ANZ share price nears $26: 2 steps to assess stocks
Arriving at intrinsic valuation is one of the most popular questions or topics our senior investment analysts receive from Australian investors, particularly those seeking dividend income. It’s not exclusive to the ANZ banking group, of course.
National Australia Bank Ltd (ASX:NAB) and Commonwealth Bank of Australia (ASX: CBA) are also very popular stocks on the ASX.
Before we go through two valuation models you could use to answer the question yourself, let’s take a look at why investors love bank stocks in the first place.
Alongside the technology and industrials sectors, the financial/banking sector is one of the favorites of Australian investors. The largest banks, including Commonwealth Bank of Australia and National Bank of Australia operate in an “oligopoly”.
And while major international banks, such as HSBC, have attempted to encroach on our ‘Big Four’, the success of foreign competitors has been very limited. In Australia, ASX bank stocks are particularly popular with dividend investors looking for franking credits.
How to use PE ratios
The price-to-earnings ratio, which is short for price-to-earnings, is a basic but popular valuation ratio. It compares the annual profit (or “earnings”) to the current share price ($25.83). Unfortunately, it’s not the perfect tool for bank stocks, so it’s important to use more than PE ratios for your analysis.
That said, it can be useful to compare PE ratios between stocks in the same sector (banking) and determine what is reasonable and what is not.
If we take ANZ’s stock price today ($25.83), along with earnings (i.e., earnings) per share data for its fiscal year 2020 ($1.21) , we can calculate the PE ratio of the company at 21.3x. This compares to the banking industry average PE of 23x.
Next, take the earnings per share (EPS) ($1.21) and multiply it by the average PE ratio for the ANZ (Banking) sector. This translates to a “sector-adjusted” PE valuation of $27.73.
A simple guide to valuing ANZ using dividends
A DDM is a more attractive and robust way of valuing companies in the banking sector, given that the dividends are fairly constant.
DDM valuation modeling is one of the oldest methods used on Wall Street to value companies, and it is still used here in Australia by banking analysts. A DDM model takes the most recent full year dividends (e.g. last 12 months or LTM), or expected dividends, for the next year, then assumes dividends grow at a constant rate over a forecast period (e.g. 5 years or forever).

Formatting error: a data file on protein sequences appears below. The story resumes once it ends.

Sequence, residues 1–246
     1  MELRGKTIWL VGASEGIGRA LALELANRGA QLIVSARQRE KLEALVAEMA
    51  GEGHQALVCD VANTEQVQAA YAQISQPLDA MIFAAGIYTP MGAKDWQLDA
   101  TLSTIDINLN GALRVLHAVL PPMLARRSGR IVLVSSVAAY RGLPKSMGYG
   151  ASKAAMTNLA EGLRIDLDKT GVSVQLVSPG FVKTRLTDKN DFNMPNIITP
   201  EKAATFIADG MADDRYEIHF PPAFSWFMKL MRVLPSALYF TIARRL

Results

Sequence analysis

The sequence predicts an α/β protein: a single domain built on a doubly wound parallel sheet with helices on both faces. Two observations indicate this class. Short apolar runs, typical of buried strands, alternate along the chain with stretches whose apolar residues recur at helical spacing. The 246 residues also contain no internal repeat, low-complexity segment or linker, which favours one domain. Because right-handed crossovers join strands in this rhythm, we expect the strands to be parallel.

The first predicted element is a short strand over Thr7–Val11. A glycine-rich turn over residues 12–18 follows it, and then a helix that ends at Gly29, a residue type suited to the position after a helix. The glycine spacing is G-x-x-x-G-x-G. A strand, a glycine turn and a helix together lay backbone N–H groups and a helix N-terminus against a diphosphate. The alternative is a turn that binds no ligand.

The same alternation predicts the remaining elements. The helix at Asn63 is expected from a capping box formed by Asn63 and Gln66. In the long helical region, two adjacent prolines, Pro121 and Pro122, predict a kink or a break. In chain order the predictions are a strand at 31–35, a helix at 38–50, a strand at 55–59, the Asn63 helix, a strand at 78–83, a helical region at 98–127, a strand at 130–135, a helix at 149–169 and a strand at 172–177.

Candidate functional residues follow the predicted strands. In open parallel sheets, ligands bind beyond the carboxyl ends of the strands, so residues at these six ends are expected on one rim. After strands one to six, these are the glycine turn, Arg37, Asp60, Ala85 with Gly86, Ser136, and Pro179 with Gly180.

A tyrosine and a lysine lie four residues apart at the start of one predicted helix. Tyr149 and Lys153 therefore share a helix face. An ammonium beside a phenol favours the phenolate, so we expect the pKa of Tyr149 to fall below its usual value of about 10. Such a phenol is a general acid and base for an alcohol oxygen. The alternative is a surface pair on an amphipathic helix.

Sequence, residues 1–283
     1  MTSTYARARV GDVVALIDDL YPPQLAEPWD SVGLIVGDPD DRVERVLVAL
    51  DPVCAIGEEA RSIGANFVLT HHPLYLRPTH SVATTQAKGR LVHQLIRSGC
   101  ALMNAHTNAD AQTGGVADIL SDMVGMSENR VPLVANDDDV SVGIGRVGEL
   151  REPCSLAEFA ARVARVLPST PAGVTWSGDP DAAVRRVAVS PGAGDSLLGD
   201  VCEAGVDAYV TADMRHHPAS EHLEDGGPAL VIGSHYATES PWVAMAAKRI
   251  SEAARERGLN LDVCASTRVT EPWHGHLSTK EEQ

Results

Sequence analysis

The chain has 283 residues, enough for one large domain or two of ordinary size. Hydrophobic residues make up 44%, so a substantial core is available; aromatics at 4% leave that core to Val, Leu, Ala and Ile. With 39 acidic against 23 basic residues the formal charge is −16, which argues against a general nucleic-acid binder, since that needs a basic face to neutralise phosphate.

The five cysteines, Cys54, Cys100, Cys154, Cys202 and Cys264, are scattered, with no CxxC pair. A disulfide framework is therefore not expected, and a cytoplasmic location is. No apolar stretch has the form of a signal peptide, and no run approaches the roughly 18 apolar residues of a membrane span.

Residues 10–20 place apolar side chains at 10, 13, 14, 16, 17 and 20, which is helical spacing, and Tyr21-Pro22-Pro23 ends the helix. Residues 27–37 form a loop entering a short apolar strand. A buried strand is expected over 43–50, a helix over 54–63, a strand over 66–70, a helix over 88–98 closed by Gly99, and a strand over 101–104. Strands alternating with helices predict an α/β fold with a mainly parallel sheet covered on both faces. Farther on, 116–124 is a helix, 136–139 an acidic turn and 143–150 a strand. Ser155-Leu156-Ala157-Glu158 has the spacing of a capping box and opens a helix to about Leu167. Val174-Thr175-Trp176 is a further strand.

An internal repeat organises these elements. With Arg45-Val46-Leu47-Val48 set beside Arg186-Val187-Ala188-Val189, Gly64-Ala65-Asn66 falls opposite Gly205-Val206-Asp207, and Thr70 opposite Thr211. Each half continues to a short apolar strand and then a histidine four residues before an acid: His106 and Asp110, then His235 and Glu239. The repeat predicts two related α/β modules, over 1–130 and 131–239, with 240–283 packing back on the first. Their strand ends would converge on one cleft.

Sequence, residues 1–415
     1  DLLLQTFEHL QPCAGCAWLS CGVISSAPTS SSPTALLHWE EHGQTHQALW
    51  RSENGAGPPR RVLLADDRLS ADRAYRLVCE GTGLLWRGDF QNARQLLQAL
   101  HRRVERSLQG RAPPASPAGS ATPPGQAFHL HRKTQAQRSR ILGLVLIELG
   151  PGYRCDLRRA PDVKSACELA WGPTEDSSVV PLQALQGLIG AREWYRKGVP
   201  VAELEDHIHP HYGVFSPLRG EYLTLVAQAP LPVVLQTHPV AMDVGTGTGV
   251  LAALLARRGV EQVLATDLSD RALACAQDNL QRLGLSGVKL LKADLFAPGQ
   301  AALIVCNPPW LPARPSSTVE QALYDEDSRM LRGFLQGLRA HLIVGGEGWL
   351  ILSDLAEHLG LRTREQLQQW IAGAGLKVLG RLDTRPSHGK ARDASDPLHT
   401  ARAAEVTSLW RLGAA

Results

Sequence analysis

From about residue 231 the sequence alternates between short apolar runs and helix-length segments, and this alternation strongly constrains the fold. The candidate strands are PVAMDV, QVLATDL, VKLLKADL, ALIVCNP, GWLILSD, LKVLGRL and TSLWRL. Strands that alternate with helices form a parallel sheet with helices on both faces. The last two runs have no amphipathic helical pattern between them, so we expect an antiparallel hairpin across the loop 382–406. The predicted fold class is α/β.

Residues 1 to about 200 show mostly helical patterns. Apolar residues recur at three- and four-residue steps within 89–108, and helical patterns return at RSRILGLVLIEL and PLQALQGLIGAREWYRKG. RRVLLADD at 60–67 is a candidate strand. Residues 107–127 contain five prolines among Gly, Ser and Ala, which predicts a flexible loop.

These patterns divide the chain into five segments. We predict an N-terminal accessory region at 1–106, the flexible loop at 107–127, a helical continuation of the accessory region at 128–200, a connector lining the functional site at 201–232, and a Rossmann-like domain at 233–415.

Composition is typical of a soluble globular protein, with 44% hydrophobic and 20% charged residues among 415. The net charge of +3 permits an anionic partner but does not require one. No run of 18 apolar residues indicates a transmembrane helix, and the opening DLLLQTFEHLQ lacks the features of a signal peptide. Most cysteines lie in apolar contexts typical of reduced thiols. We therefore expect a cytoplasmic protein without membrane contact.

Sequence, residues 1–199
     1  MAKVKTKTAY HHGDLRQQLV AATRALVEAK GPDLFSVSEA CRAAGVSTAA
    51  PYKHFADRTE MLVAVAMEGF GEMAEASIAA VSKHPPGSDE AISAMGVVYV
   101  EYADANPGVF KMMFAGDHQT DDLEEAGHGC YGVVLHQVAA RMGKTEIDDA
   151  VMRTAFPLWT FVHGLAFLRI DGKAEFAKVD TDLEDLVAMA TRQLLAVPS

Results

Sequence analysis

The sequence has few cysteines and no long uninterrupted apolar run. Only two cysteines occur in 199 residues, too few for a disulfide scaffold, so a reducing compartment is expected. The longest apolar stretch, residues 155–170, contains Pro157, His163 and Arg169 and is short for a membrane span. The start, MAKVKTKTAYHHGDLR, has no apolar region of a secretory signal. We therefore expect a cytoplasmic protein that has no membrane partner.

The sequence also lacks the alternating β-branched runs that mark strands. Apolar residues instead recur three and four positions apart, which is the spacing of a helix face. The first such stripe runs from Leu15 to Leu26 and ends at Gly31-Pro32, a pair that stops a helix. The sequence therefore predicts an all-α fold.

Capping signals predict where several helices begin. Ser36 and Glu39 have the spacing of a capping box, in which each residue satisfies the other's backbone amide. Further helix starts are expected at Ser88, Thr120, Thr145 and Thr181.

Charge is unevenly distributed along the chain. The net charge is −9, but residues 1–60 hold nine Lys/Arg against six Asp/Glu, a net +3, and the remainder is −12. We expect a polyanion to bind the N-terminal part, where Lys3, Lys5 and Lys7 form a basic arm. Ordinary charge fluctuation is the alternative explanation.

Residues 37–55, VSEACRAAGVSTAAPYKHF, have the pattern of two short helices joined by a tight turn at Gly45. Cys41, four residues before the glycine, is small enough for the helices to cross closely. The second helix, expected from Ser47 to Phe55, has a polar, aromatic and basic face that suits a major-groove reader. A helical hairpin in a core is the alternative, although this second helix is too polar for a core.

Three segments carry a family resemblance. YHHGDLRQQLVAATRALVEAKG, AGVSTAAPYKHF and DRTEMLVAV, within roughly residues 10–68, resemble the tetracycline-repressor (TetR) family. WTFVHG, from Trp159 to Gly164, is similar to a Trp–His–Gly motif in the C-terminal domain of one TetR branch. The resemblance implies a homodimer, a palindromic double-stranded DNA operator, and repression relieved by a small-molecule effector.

To make this DDM easier to understand, we will assume that last year’s dividend payment ($0.60) increases at a fixed rate each year.
Then we choose the “risk” rate or the expected rate of return. This is the rate at which we discount future dividend payments into today’s dollars. The higher the “risk” rate, the lower the stock price valuation.
We used a blended rate for dividend growth and a risk rate between 6% and 11%, then got the average.
This simple DDM valuation of ANZ shares is $11.44. However, using an “adjusted” dividend payment of $1.40 per share, the valuation jumps to $25.10. The expected dividend valuation compares to ANZ Banking Group’s share price of $25.83. Since the company’s dividends are fully franked, you may choose to make an additional adjustment and make the valuation on the basis of a “gross” dividend payment. That is, cash dividends plus franking credits (available to eligible shareholders). Using the expected gross dividend payment ($2.00), our valuation of the ANZ share price is estimated at $35.85.
Where to go from here
Please keep in mind that these valuation methods are just the starting point of the research and evaluation process. Please remember this. Banks are very complex businesses and if the 2008/2009 GFC taught investors anything, it was that even the “best” banks can fail and drag shareholders down with them.
If you’re looking at ANZ Banking Group shares and considering an investment, take the time to learn more about the bank’s growth strategy. For example, is it looking for more loans (i.e. interest income) or more non-interest income (financial advice fees, investment management, etc.)? Next, take a close look at economic indicators such as unemployment, house prices and consumer sentiment. Finally, it is always important to take stock of the management team.